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Dr. Orræus's Description of the Plague at Jalle and Moscow,
England separated from America. Excellence of her Con-
The Power of the Commons. Controuled by the People ibid
Westminster Election. Jealousy of the Commons concerning it ibid:
Conduct of the Minister compared with Mr, Fox's
For ) ANUARY, 1785.
The History of Greece. By William Mitford, Esq. The first vo*
Jume. 4to. 16s. boards. Murray. N the present historical age, it is with extreme pleasure
that we announce so great an undertaking as 6. The Hils tory of Greece.' For hitherto a work of this sort lias remained among the desiderata of literature. And, it is obvi, ous that it could not have been attempted at a period when historical compositions were more completely understood, and when the public were more disposed to attend to them.
The difficulty of this task was sufficiently apparent to Mr. Mitford. His subject, while it is extensive, is complicated; and his materials, while they are various, are defective. He had occasion for all his diligence and ability; and he has exerted them.
As he intended that his performance should be as complete as possible, he has entered very deeply into the earlier stages of the Grecian story; and, in the volume now before cus, he discovers that he is not only an historian, but a philosopher, and an antiquary... While he collects facts he is ftudious to give them their proper importance. When he meets with knotty and problematical points, he consults not his ease by avoiding them : he is anxious to show his strength in their solution. And, when he is opposed by seeming or real contradictions, and by hoftile theories, he employs himself to search out the trøth by ingenuity, speculation, and research.
The first chapter of his History is devoted to the affairs of Greece, from the earliest accounts to the Trojan war. In his second chapter he exhibits the early state of Alia Minor, ENG. Rev. Vol. V. Jan. 1785. A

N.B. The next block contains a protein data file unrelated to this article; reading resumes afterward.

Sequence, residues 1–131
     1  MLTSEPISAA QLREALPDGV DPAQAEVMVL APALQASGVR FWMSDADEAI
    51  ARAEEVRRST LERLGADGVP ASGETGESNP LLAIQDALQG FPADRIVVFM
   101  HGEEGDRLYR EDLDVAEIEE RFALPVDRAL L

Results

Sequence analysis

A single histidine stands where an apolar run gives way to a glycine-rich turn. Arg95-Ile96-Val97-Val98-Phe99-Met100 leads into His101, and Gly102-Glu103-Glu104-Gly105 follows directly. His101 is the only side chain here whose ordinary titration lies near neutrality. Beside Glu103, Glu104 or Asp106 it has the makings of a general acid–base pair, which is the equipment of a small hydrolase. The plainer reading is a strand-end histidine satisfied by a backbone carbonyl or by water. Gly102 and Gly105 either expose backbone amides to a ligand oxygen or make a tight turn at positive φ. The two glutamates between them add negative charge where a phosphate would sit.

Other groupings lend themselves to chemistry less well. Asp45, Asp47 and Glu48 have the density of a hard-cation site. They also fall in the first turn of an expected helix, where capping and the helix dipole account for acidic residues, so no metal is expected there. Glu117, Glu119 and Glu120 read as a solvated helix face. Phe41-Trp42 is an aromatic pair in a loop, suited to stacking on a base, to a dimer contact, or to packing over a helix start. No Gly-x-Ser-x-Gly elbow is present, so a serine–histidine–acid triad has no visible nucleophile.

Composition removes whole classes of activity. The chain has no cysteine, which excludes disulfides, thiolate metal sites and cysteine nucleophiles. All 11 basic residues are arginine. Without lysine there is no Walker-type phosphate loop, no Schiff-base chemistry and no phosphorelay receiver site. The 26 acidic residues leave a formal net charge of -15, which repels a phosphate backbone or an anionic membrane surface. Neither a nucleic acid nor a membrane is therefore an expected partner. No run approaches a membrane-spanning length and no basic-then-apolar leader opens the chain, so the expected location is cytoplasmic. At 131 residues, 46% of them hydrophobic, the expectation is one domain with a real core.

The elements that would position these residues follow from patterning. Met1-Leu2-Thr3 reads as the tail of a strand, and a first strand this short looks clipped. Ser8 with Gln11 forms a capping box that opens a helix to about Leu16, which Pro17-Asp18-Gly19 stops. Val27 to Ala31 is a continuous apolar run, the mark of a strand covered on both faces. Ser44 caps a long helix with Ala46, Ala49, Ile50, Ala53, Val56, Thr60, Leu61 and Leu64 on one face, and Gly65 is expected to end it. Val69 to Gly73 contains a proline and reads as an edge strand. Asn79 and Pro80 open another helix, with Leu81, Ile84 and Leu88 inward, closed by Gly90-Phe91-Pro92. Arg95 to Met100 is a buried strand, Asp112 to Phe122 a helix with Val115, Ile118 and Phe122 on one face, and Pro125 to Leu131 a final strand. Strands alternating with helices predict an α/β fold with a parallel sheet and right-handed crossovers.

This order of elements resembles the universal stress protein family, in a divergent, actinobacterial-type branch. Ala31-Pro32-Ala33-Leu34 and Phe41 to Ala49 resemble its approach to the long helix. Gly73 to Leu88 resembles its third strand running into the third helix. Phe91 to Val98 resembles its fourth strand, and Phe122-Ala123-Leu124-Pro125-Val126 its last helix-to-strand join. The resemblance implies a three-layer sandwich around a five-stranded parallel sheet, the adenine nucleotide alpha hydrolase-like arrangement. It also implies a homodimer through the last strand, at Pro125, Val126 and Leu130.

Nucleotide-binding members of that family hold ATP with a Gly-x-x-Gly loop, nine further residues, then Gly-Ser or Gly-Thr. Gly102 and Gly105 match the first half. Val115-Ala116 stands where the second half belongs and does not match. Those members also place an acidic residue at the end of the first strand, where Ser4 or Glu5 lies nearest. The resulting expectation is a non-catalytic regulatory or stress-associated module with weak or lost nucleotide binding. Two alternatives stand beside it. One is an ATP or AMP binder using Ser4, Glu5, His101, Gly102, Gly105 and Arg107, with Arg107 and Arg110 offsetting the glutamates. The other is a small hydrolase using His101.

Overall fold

and is very ingenious in detailing the circumstances of the Trojan expedition. His third chapter examines the religion, government, jurisprudence, science, arts, commerce, and manners of the early Greeks. On this wide field the march of our author is in general steady and secure. The liberality of his mind is every where as conspicuous as the extent of his information; and instruction and amusement are fcattered with a profuse hand. Upon the early manners of the Greeks, he is particularly entertaining, and our readers may be pleased with what he has observed on the subject of the condition of their women.
• Women in the Homeric age,' he observes, enjoyed more freedom, and communicated more in business and amusement among men, than in subsequent ages has been usual in thosc castern countries; far more than at Athens in the flourishing times of the commonwealth. In the Iliad we find Helen and Andromache appearing frequently in company with the Trojan chiefs, and entering freely into the conversation. Attended only by one or two maid-servants, they walk through the"streets of Troy as business or fancy lead them, Penelope, persecuted as she is by her suitors, does not scruple occasionally to lbow herself among them; and scarcely more reserve seems to have been imposed on virgins than on married women. Equally indeed Homer's elegant eulogies and Hefiod's severe sarcasm prove women to have been in their days important members of society. The character of Penelope in the Odyffee is the completest panegyric upon the fex that ever was, composed; and no language can give a more elegant or a more highly colored picture of conjugal affection than is displayed in the conversation between Hector and Andromache in the fixth book of the Iliad. Even Helen, in spite of her failings, and independently of her beauty, Steals upon our hearts in Homer's description by the modesty of her deportment and the elegance of her manners. On all occasions indeed Homer dhows a disposition to favour the fex: civility and attention to them he attributes moft particularly to his greatest characters, to Achilles, and still more remarkably to Hector. The infinite variety of his subjects, and the historical nature of his
poems, Ied him neceffarily to speak of bad women : but even when the black deed of Clytemnestra calls for his utmost reprobation, fill his delicacy toward the sex leads him to mention it in a manner that might tend to guard against that reproach which would be liable to involve all for the wickedness of one. With some things of course widely differing from what prevails in diftant climates and distant ages, we yet find in general the most perfect decency and even elegance of manners in Homer's descriptions of the intercourse of men and women. Of this Helen's conversation on the walls of Troy in the Iliad, and in her court at Sparta in the Odyffee, afford remarkable examples. One office of civility indeed, which we find usually performed by women in the heroic age, may excite our wonder: the bufiness of attending mon in bathing seems to have been peculiar to women ; and, in compliment to men of rank, was performed by virgins of the highest rank. When Teleinachus visited